Is your transnational (business/personal) or marketing emails landing into spam folder while sending to gmail, hotmail, yahoo, pop domains etc?
Here we’ll explain the possible reasons why your emails get sent to the SPAM folder and solutions to get more of your emails reach the inbox. There are multiple factors which play an important role in determining whether or not your emails get delivered to the inbox. An email spam filter is a program that is used to detect unsolicited and unwanted emails and forward those messages into user’s spam folder. No matter the organization, many email marketing campaigns find themselves circling back to the basic questions: how does a spam email filter work and why do some email messages go straight to spam instead of the inbox? Let’s dive into some reasons why your emails aren’t getting past the spam filters.
You Used Spam Trigger Words: Some spam filters are triggered by certain words in the subject line or the body of the email. Some spam trigger words include amazing, cancel at any time, check or money order, click here, congratulations, dear friend etc.
Your “From” Information is Inaccurate: It’s also against the CAN-SPAM Act to mislead anyone with your “from”, “to”, “reply-to” and routing information.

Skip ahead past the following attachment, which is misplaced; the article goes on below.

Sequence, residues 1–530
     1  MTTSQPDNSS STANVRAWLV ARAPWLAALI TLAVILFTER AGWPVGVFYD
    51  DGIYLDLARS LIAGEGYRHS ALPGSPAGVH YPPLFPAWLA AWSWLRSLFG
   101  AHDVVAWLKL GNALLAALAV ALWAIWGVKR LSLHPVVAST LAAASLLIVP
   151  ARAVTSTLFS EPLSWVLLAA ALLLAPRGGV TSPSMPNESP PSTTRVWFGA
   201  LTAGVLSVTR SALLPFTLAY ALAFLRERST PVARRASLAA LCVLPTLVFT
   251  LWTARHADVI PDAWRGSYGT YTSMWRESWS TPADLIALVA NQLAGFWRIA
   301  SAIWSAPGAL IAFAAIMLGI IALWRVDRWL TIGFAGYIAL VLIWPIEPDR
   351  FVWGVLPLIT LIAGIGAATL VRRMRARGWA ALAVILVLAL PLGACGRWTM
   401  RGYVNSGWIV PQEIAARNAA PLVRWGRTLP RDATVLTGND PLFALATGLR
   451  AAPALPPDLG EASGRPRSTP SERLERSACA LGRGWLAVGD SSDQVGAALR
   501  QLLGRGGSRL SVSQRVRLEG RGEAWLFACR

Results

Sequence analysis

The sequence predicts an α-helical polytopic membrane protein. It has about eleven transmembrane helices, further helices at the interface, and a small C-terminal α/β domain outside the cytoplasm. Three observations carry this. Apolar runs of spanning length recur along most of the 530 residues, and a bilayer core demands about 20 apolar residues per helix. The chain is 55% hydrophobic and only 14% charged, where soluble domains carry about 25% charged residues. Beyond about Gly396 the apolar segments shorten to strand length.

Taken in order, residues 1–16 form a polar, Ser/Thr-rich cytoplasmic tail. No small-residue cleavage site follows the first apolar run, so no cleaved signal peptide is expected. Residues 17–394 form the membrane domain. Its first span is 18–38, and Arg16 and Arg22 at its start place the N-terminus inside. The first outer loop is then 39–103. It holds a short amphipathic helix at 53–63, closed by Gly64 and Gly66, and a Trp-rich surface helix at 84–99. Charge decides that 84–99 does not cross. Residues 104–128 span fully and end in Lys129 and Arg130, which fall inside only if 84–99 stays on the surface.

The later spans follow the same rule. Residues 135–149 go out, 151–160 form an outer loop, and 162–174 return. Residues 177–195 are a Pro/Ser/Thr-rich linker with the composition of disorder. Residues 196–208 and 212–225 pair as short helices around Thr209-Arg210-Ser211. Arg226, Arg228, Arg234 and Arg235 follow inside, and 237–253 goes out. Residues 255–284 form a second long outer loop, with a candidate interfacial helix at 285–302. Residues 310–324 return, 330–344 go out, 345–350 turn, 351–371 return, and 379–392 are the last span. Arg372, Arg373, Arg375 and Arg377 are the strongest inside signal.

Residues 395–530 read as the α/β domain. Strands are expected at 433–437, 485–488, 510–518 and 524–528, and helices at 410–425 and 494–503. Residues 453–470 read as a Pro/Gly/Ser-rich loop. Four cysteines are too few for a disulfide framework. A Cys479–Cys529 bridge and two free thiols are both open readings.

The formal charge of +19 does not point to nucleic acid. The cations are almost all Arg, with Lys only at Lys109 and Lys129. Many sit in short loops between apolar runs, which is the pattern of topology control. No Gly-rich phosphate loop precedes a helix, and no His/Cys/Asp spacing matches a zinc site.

Your Subject Line is misleading: As the CAN-SPAM Act states, it is actually against the law to intentionally mislead someone with your subject line in order to induce them to view the message.
Your IP Address Was Used for Spam: Even if you never send spam yourself, your emails could get flagged as spam if your IP address was used by someone else for spam.
You Didn’t Include Your Physical Address: Did you know that it is actually against the CAN-SPAM Act to neglect including your valid, physical address? Your emails must include either your current street address, a post office box that has been registered with the U.S. Postal Service, or a private mailbox registered with a commercial mail receiving agency established under Postal Service regulations.